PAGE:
Monday, December 15, 2014
In an earlier post Working Together to Support Computer Science Education, Chris Stephenson describes how achieving systemic change in computer science (CS) education involves a multitude of factors including collaboration among researchers, educators, parents, policy-makers, students and the media. In addition to our own outreach programs and research, we also support organizations and invest in programs that are making strides to increase access to CS education in schools.
In October, we supported the Alliance for California Computing Education for Students and Schools (ACCESS) by convening some of the nation’s leading researchers and practitioners in CS education. The ACCESS gathering was an energetic and action-packed day for developing pathways for K-12 CS education in California, with a particular focus on equitable access for all. With the recent signing of three bills for CS education in California, this was a major step toward making quality CS available in California K-12 schools. The summary report of the convening can be found here.
These efforts in California, a key state in the national education picture, are critical to the forward momentum for CS education across the United States and globally, and they’re just the beginning. The importance of CS is recognized globally, and we aim to take advantage of these opportunities to increase quality and availability of CS education. In England, where Computing was recently implemented as part of its National Curriculum, we have been working in partnership with Code Club Pro to kick start a national program to train primary school teachers across the country and with Teach First to recruit and train CS teachers in secondary schools.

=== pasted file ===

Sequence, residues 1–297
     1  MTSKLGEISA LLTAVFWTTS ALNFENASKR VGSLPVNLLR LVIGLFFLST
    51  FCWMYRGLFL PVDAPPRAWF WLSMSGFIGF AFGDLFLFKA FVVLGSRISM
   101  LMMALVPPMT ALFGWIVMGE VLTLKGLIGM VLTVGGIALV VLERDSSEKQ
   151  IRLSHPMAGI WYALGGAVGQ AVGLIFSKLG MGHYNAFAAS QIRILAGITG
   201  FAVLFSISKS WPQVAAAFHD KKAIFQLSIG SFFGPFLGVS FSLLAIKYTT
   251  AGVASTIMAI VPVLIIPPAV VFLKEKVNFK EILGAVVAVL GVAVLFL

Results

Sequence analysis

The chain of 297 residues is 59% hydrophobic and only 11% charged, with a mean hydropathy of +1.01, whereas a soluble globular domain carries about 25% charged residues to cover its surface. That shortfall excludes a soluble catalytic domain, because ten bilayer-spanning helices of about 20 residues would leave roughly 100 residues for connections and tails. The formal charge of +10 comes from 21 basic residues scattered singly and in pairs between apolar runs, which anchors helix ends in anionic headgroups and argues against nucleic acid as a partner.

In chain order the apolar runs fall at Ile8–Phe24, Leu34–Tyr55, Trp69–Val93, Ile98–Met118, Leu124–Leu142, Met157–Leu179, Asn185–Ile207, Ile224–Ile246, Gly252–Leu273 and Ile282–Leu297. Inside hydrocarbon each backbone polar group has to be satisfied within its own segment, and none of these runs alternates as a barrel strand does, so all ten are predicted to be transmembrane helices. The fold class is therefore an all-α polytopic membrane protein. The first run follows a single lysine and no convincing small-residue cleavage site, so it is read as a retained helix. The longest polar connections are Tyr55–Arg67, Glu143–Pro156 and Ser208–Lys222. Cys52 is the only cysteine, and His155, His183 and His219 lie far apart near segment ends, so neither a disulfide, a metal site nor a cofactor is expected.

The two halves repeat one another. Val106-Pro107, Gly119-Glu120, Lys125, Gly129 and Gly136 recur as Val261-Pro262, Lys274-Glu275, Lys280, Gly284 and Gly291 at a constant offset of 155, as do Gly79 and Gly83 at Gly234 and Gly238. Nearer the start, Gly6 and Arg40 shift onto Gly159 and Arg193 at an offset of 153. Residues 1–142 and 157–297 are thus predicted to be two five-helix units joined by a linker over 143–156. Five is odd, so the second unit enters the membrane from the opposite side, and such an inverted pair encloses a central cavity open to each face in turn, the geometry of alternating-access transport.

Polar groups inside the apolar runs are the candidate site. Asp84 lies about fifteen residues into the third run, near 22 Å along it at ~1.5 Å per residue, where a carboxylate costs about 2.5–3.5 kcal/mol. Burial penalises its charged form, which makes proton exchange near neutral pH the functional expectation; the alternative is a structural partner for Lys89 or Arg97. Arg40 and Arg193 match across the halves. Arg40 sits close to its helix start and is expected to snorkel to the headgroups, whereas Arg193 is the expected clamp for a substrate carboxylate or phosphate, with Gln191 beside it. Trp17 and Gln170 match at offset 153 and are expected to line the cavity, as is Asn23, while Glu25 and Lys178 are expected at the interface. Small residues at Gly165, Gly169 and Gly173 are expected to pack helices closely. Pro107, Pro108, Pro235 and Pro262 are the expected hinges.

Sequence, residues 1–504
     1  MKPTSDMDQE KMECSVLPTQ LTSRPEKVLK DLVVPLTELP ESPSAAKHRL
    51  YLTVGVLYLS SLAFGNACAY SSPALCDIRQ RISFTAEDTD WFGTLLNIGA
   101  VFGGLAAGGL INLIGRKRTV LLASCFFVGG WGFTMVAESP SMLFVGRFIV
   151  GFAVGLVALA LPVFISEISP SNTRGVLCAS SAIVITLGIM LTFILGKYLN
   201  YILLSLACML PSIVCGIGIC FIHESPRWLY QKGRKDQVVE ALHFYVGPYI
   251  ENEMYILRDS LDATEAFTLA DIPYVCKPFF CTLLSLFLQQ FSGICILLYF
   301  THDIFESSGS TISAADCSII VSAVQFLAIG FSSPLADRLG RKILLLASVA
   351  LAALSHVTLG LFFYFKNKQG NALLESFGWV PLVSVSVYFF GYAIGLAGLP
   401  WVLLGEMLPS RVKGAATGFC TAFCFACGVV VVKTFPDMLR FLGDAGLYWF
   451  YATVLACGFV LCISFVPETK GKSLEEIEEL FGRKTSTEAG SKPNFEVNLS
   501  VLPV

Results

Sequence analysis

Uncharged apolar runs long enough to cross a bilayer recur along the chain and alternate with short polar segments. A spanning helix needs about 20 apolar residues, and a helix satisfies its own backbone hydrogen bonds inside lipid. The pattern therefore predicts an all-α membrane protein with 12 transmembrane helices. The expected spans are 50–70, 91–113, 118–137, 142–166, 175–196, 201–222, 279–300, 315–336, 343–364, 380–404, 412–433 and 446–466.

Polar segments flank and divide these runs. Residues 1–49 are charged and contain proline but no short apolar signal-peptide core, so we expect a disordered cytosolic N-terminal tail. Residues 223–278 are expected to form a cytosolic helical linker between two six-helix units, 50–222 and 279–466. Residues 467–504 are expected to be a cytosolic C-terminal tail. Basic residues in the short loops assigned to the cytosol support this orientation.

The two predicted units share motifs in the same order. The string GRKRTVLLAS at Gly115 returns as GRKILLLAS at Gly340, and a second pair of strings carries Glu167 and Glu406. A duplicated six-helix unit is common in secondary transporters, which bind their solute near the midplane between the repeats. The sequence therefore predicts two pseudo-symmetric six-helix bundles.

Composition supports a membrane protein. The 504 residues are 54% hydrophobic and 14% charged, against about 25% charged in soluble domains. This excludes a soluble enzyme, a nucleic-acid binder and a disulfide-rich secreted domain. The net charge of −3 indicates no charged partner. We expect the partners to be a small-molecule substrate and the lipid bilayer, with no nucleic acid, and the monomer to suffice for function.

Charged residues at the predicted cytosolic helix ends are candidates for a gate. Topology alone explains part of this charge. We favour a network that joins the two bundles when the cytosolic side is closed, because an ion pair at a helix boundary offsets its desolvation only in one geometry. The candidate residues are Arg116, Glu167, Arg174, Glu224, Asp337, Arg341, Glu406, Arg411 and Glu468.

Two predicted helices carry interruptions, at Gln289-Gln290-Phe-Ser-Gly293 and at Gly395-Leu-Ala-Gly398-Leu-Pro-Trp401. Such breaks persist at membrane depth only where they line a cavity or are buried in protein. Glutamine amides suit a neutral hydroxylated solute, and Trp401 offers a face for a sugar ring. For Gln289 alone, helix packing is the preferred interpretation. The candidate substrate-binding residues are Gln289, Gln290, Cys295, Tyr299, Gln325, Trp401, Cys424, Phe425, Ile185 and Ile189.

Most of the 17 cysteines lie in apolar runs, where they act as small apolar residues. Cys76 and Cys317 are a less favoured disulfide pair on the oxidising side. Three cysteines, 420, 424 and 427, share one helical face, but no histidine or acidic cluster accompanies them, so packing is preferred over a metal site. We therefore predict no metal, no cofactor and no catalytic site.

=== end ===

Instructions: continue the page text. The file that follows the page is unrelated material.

A big part of our focus on CS education is ensuring that everyone, regardless of background, has appropriate access to quality CS education. Issues of equity in education vary dramatically by location and situation. That’s why our efforts are supported by local Googlers in our offices worldwide, from Japan to Spain to Australia. Our global presence means that we can tailor our outreach locally to cultures and customs, because quality education does not have a one-size-fits-all scenario. Driven by data, we can provide strategic and effective support for CS education, in close collaboration with the local stakeholders. For instance, we empower our RISE partners to evaluate their programs so that they can understand what is effective for their specific organization as well as their students. We hold monthly Hangouts on Air to share the latest CS education research and best practices for these partners to incorporate and adapt for their programs.
At Google, we are working to empower the youth today to be the creators of tomorrow. It’s a long and complex journey, but in partnership with local organizations around the globe, we hope to ensure that everyone has equitable access to CS education.